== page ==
FOUNDATION CONTRACTOR Bauer Malaysia had to work 24 hours a day, seven days a week to meet a tight deadline on a power station after a major foundation design change five months into the 16-month contract.
The Manjung Power Station is a coal-fired facility in the Manjung Perak district of Malaysia, 260km north west of Kuala Lumpur. The plant is being built on a newly reclaimed 3.25km 2island. It will have three 700MW generators and be supplied annually with 6Mt of coal, delivered to a new deep water jetty.
Client is the Malaysian National Power Supply, with consultant Powergen. Bauer Malaysia was subcontracted to carry out foundation work by the contractor, a consortium of ABB and Alstom Power Plant.
Five months into the contract, it was decided to change from driven to bored piles. Despite this, the schedule was not extended. Bauer had to complete piling and stone column construction in only eight months, with an output of 100 piles a week.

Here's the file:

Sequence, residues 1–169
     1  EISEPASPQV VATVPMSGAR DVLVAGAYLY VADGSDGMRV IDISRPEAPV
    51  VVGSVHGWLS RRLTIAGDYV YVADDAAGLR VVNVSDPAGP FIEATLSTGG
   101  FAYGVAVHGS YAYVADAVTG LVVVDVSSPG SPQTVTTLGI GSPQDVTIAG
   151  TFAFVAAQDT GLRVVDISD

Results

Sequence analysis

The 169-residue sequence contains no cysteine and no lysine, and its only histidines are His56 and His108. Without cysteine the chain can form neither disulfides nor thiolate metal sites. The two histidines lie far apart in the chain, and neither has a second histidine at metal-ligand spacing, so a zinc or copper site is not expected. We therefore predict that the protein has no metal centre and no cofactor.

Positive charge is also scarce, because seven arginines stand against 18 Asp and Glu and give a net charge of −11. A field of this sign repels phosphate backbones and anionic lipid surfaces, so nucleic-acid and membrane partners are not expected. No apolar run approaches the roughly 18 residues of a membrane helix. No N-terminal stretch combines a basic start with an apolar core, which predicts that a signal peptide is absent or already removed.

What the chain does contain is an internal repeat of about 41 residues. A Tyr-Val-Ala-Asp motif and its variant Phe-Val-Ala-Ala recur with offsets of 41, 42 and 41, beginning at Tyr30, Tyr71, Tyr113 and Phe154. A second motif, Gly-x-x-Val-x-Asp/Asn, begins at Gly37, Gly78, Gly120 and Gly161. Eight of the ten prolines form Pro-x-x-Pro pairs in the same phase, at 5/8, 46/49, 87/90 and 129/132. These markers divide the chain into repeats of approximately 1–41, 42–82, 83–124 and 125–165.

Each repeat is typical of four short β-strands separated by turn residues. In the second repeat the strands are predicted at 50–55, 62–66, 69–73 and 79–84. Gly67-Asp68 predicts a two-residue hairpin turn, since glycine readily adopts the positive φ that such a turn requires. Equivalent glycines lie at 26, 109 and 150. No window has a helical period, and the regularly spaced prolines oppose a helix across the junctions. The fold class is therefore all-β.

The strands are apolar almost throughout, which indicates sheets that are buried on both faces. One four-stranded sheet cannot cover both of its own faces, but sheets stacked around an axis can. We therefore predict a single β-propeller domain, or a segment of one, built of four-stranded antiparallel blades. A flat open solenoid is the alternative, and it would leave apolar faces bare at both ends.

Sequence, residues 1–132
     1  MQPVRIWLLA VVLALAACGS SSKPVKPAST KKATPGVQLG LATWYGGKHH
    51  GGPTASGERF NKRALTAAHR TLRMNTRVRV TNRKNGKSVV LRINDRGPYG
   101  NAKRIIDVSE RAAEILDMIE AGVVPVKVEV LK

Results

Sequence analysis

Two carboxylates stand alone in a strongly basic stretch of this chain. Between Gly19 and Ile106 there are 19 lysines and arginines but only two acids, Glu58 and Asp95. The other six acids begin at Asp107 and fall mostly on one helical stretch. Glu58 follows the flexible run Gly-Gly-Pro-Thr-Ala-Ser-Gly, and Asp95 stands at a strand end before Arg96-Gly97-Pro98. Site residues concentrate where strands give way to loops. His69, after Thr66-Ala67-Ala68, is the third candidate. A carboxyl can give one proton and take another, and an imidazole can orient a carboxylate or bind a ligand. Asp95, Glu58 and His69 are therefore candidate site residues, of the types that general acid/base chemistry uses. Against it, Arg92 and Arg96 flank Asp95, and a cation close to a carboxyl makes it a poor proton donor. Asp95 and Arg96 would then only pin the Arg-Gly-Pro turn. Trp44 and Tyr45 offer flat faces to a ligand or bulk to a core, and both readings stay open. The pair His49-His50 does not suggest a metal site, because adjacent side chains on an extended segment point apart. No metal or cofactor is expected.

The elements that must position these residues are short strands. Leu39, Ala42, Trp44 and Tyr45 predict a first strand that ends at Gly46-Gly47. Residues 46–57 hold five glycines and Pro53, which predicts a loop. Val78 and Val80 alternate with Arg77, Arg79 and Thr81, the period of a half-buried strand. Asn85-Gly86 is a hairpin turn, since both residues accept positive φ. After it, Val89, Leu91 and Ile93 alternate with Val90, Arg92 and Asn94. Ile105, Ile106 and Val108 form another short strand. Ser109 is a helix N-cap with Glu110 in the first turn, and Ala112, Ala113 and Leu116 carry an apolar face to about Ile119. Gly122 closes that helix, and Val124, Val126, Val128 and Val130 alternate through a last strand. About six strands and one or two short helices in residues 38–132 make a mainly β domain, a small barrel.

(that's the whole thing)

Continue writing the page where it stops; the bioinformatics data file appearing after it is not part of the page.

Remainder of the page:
Foundations comprised 3,300, 800mm to 1200mm diameter bored piles to a maximum depth of 74m; 262,000m of stone columns up to 20m deep; and 27,000m 2of 600mm thick cut-off wall. Other subcontractors installed 16,500m 2of1000mm thick diaphragm wall.
Site geology is 8m of loose, unconsolidated sand, over alluvial clayey silt with traces of organic fragments, mainly marine clay to 35m, underlain by medium dense to dense fine to coarse quartz sand to 80m.
Excavation of the bored piles was done in two steps. Temporary casing was installed through the loose sand and then bentonite slurry used to stabilise the borehole walls through the clays and dense sand to final depth.
The work necessitated huge resources. At its peak, Bauer had 50 pieces of equipment on site, including eight BG drilling rigs, 33 crawler cranes, seven excavators, four vibro hammers and eight deep vibrators and 525 people were employed in piling and stone column construction.
Bauer averaged weekly rates of 100 bored piles, 14,400 linear metres of stone columns and 2,040m 2of cut-off wall, to meet the deadline.